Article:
From the AICR Test Kitchen
Week of January 10, 2011
Download 300 dpi photo
Contact: Alice Bender, (202) 328-7744
Marvelous Mushroom Barley Soup
American Institute for Cancer Research
January is a time when warm and satisfying food is especially welcome – and this super soup is just the thing. It’s nourishing and healthy with a wonderful flavor.
Pearl barley is the most common form of barley used for cooking, yet it is a much under used alternative to rice and pasta. It was first cultivated over ten thousand years ago in Asia where people started eating it like wheat in boiled porridge, soups and bread. Barley has a slightly sweet and mild taste, is a good source of fiber and contains the minerals iron and selenium.
In this recipe, it absorbs the flavor of the carrots, thyme and oregano. Use almost any type of mushroom in this dish, including the button variety found in virtually all food markets. You can experiment with other varieties to customize the soup because different mushroom types will alter the taste – for example, the larger varieties can add a "meaty" quality to the overall flavor.
The shallot, a member of the white onion family, is native to the Middle Eastern region of the Mediterranean. Shallots do tend to cook faster than onions and are often used as a substitute for both regular onions and garlic. Some people find they don’t cause the same harsh breath odors and digestive stress.
The beef stock unifies all the flavors. Beef broth may be used, but stock – which is made from boiling bones as opposed to boiling meat to make broth – provides more richness to the soup. This straightforward, easy to prepare recipe is healthy and pleasing. Be sure to make some extra for delicious leftovers; when paired with a sandwich made with crusty whole or multi-grain bread, this soup is a real time saver for a quick lunch or basic dinner.
Marvelous Mushroom Barley Soup
- 3 Tbsp. olive oil
- 1 tsp. unsalted butter
- 1 large onion, chopped
- 2 medium carrots, peeled and sliced thin (like coins)
- 1 1/2 lbs. mushrooms, sliced
- 1/2 cup chopped shallots, including most of green stems
- 3 Tbsp. dry white cooking wine (optional)
- 1 tsp. dried thyme
- 1/2 tsp. dried oregano
- 5 cups reduced-sodium beef stock
- 3/4 cup pearl barley
- Salt to taste
- 1/2 tsp. freshly ground black pepper
- 1/2 cup chopped fresh parsley, divided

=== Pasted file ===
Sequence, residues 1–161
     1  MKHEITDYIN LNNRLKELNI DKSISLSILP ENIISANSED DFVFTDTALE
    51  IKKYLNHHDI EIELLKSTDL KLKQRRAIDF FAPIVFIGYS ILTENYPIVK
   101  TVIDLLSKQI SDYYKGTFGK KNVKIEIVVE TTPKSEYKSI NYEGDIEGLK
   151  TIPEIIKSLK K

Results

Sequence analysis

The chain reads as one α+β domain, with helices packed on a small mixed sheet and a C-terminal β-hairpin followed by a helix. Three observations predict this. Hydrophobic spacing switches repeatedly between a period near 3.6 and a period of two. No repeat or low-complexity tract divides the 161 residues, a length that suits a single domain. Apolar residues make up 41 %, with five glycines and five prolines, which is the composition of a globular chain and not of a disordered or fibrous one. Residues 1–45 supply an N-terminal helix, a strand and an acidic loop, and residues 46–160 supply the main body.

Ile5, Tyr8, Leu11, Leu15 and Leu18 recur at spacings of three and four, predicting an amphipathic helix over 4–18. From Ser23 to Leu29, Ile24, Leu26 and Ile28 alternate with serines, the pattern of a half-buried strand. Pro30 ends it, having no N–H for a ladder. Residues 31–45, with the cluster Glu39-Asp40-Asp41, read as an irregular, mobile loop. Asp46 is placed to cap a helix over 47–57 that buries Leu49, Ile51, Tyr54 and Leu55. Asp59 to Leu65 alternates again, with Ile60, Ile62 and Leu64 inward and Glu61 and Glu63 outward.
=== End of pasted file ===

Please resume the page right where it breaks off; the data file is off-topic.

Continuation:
- 1 small yellow pepper, chopped
Heat oil and butter in large pot over high heat. Add onions and carrots. Cook about 2 minutes, stirring frequently. Add mushrooms and shallots. Cook an additional 4 minutes, continuing to stir frequently, until onions and carrots soften and mushrooms wilt.
Add wine, thyme and oregano. Reduce heat to low. Stir and scrape browned bits from the bottom, and cook an additional 5 minutes.
Stir in stock, barley, salt and pepper. Increase heat and bring to a boil. Reduce heat, cover, and simmer until barley is tender, about 40 minutes. Stir in yellow pepper and 1/3 cup parsley, and simmer for about 3-4 minutes.
Garnish with remaining parsley and serve.
Makes 6 servings.
Per serving: 260 calories, 9 g total fat (2 g saturated fat), 34 g carbohydrate,
11 g protein, 6 g dietary fiber, 330 mg sodium.
The American Institute for Cancer Research (AICR) is the cancer charity that fosters research on the relationship of nutrition, physical activity and weight management to cancer risk, interprets the scientific literature and educates the public about the results. It has contributed more than $96 million for innovative research conducted at universities, hospitals and research centers across the country. AICR has published two landmark reports that interpret the accumulated research in the field, and is committed to a process of continuous review. AICR also provides a wide range of educational programs to help millions of Americans learn to make dietary changes for lower cancer risk. Its award-winning New American Plate program is presented in brochures, seminars and on its website, www.aicr.org. AICR is a member of the World Cancer Research Fund International.All active news articles